Watching the state high school basketball tournament in recent days, I’ve seen a bunch of talented teams take to the courts and perform admirably. The officiating crews have worked hard to call clean games, and in many cases have done an outstanding job. Unfortunately, however, they have called so many traveling violations it makes my head spin.

News flash: the game has changed over the past hundred years to become faster-paced and more explosive. At the professional and collegiate level, players are granted certain “hop steps” as they handle the basketball, and only an archaic understanding of the rules would now take issue with their maneuvers.

I saw a number of kids trying it out successfully in the tournament, perfectly imitating what they watch their heroes do on TV, only to get whistled for traveling before finishing a beautiful move. What follows: a general look of confusion on the face of the player (and many times the coaches and fans), and television viewers scratching their heads as the opposing team goes to take possession.

OK, my buddies and I watching the game are trying to figure out… what just happened… but that wasn’t a travel! I just saw five guys use that move in a college game the other day, and no one was called for traveling. Obviously, it should be called when warranted. But to slow the game down and to penalize kids for playing the way it’s done at higher levels, is wrong.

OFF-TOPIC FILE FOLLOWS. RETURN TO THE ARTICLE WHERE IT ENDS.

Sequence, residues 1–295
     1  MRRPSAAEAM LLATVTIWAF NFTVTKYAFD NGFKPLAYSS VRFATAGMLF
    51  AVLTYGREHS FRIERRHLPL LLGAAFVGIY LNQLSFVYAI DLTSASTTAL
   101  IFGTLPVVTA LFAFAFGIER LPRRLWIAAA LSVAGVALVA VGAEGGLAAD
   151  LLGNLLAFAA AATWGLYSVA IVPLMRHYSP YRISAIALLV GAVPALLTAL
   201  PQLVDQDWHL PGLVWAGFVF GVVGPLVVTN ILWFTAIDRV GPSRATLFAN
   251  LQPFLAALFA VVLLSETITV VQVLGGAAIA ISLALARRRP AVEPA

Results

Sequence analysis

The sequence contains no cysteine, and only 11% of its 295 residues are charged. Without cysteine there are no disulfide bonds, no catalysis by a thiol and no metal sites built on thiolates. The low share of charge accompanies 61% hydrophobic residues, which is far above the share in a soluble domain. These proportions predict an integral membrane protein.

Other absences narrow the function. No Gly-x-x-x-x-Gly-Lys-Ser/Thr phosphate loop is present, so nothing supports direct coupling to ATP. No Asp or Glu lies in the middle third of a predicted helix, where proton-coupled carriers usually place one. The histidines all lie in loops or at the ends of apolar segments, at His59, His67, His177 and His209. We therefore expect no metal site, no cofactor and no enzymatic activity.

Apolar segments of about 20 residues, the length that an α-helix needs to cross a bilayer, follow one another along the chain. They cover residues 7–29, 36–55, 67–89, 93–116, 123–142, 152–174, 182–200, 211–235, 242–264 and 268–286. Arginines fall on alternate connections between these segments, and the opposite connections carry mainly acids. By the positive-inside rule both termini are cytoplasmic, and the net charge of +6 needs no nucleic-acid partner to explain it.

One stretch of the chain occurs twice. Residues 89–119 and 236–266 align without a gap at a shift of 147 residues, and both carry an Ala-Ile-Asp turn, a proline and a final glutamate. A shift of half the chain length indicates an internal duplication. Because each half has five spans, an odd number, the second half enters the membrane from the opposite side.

And perhaps more important, it’s less fun to watch. I want to see athletic achievement, not whistle-blowing. The best refs are the ones you never notice because they don’t make controversial calls. But we counted dozens of controversial traveling calls in this year’s tournament. The Maine Principals’ Association needs to do a better job of training officials to understand what traveling means in today’s game.

Pete Collier


Note to readers: The BDN reserves the right to edit submissions for libel, taste, clarity, and to fit available space. Letters should include a signature, full name, address, and daytime phone number. Letters may be mailed to: P.O. Box 1329, Bangor, ME 04402, or e-mailed: